Despite knowing all the benefits of working out and leading a healthy lifestyle, so many of us choose to ignore it. We tell ourselves we’ll start one day and that day never comes. Even if it does come, way too many of us quit within a week’s time.
Exercise will benefit you in numerous ways. Most people turn to exercise when they want to lose weight. Although running will aid your weight loss, it will take some time before you start dropping pounds; but there are other benefits you can reap from regular exercise.
It gives you an instant boost of energy by giving you an adrenaline rush. The release of endorphins during exercise improve your mood. You develop stamina and your muscles strengthen, reducing your chances of injury and developing arthritis.
In the long-run, regular exercise will help prevent heart disease, amnesia, dementia and also reduce your chances of strokes.
So why do we avoid it?
Well, the most obvious reason is that it is a lot of work…and because it hurts so much! Unless you’ve been watching what you eat or engaging in simple healthy activities, like walking instead of taking the bus or hiking during the weekend, exercise is going to hurt you.
The initial pain that you experience from exercise is a reflection of how unhealthy you are and how badly you need to exercise. But instead of interpreting the pain as a signal to keep going, we let it scare us and quit.
There’s an array of excuses people use to avoid exercise. My favorite one is “I can’t afford to go to the gym”.
If you’re really committed, you wouldn’t have to go to the gym. Exercise can be done from the comfort of your home, with no equipment; you just need the motivation.
Running is another cheap way of exercising. There is no equipment necessary, you just need a decent pair of sneakers and you’re good to go. However, if you’re not physically healthy, you’re bound to find running painful.
You’ll run out of breath, your chest will feel the burn and you’ll feel your legs tingle. This is just a sign of how unfit you are, instead of letting it intimidate you, use it as motivation to keep going.
With regular running, you’ll learn to keep your heart rate steady and won’t run out of breath so easily. Your muscles will be stronger so you won’t get sore.
Here are 7 tips to keep you motivated to keep running:
- Let go of past memories
This can be applied to most things in life. If you’re looking to bring a positive change in your life then you need to let go of the past. You need to embrace the right frame of mind to enable you to make the conscious decision to move forward. All your memories from gym class, all the memories of how the one marathon you participated in left you panting. Tell yourself that this time it was going to be different. Even if you run out of breath, you aren’t going to stop.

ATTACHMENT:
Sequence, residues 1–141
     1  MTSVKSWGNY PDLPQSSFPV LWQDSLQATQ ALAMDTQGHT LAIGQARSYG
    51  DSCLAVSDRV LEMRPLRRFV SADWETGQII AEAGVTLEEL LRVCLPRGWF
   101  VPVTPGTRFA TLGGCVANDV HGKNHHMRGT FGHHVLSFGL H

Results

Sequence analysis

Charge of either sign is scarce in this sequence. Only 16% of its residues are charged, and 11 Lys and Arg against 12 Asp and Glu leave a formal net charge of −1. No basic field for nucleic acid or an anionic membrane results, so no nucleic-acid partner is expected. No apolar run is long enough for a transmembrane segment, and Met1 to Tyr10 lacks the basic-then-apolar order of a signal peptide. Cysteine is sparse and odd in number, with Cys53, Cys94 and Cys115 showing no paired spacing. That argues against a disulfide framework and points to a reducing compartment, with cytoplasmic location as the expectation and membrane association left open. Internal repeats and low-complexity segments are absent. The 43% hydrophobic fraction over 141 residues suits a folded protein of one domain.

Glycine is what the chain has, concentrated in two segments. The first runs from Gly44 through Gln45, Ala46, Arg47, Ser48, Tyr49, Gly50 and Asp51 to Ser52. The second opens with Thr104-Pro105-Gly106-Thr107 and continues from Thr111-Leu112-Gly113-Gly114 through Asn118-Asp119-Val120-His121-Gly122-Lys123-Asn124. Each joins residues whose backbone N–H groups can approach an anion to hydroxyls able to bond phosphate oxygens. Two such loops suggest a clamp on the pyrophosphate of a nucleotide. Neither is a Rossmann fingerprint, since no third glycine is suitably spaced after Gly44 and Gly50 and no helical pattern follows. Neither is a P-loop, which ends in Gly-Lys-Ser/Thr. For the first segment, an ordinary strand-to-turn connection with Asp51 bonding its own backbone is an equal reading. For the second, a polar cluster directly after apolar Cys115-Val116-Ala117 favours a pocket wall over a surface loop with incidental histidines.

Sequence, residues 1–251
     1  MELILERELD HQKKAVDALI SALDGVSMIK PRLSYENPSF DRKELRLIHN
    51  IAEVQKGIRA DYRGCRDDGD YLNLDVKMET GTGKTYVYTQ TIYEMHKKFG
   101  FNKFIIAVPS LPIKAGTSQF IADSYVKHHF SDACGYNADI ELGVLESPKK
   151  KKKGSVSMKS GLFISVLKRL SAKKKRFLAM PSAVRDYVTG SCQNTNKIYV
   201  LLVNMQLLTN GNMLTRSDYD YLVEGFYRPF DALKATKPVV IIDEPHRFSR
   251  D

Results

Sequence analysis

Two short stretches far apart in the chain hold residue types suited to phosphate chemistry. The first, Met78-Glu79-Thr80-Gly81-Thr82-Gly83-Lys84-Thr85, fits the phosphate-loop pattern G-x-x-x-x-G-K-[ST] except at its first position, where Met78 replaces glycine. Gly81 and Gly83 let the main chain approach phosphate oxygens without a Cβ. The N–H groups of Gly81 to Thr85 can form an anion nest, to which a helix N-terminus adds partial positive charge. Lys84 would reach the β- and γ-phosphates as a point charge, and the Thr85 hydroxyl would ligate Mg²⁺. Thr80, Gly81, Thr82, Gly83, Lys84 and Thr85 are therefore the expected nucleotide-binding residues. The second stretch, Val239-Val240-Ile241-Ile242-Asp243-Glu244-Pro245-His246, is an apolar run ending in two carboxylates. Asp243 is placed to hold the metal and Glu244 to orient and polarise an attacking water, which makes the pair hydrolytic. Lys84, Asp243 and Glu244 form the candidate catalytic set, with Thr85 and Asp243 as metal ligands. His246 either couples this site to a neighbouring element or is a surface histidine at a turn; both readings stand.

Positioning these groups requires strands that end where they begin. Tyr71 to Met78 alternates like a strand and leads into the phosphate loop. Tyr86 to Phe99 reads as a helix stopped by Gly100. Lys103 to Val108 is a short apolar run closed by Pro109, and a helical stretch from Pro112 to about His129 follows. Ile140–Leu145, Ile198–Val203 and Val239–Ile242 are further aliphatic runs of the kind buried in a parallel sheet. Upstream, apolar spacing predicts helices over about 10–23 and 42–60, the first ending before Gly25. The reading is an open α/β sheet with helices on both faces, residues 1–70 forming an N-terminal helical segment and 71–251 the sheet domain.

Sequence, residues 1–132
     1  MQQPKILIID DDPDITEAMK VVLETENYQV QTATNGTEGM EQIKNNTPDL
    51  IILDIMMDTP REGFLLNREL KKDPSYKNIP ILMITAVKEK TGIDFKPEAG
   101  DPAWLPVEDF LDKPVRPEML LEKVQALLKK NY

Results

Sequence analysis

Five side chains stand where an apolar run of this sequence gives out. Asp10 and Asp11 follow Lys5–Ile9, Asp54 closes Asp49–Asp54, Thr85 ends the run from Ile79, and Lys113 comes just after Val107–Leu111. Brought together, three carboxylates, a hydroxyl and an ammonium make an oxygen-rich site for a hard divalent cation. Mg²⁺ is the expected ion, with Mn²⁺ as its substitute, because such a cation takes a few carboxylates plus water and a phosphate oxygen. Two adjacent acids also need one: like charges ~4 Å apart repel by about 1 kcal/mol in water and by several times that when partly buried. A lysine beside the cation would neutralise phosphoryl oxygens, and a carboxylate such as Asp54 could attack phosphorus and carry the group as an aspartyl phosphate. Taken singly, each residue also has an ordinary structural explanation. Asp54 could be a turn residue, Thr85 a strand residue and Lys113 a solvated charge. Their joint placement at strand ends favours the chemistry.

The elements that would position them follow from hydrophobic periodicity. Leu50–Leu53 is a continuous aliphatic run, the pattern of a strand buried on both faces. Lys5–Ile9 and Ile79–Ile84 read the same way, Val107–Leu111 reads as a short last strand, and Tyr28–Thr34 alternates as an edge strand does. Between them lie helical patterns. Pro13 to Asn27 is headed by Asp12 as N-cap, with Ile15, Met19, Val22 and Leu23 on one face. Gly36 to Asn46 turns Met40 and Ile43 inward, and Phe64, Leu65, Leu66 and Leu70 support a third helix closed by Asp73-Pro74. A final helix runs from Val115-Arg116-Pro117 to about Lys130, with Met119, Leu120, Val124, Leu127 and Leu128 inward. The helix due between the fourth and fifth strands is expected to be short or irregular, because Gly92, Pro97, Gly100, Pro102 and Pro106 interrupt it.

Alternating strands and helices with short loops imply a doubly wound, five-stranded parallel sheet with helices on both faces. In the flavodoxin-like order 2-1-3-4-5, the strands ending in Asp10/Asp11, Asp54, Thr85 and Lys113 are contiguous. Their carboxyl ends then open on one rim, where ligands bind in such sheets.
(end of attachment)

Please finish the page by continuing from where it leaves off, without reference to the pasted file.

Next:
- Set yourself a goal
Goals always help when you’re taking upon some new activity. When you first start running, keeping attainable goals will help, no matter how small. It could be something as small as not stopping for half an hour, even if it means you need to walk for a bit. With each run, you can push yourself bit by bit.
- Start slow
Your first run, shouldn’t be a run. Start off slow. You’ll pick up pace as your body gets used to the idea of running and you build up more aerobic endurance. You’re sure to run out of breath and feel sore if you begin sprinting in your very first go. Pushing too hard at the very beginning often leaves people too dejected to give it another try, so pace yourself.
- Distract yourself
You can do this with either a game, music or the radio. Play ‘I spy’ with a running buddy, count the number of blue cars, see how far you go through the alphabet by following letters on street signs. Do anything to distract your brain from thinking about running and how it is affecting your body. You can focus on it when you’ve developed more stamina and endurance.
- Run with a friend
Running with a friend provides you with the moral support that you require when you first begin. Find someone who is as fit as you. Watching someone speed in front of you can get frustrating, so go with a friend you can keep up with.
- Discover new places
To change things up a little bit, go down paths that you have not gone before. Seeing the same place and same faces every day can get dull, so switch things up every now and then. Run down an unfamiliar street and change up the scene. Again, you’ll be distracting your brain as it will be too busy taking in the new surroundings.
- Find something to ‘run’ to
Doesn’t your day go by more smoothly when you have something to look forward to? The same goes for a run. Find a nice way to end your run by either treating yourself with something or going running to meet someone or a place you enjoy. Head towards the café to meet up with a friend for breakfast or the lake to soak up some nature before you get started with the day.
Like all daily exercises to stay fit, running will be difficult when you first start but it is one of the few that provides a full body workout. Push past the initial pain and make running a regular activity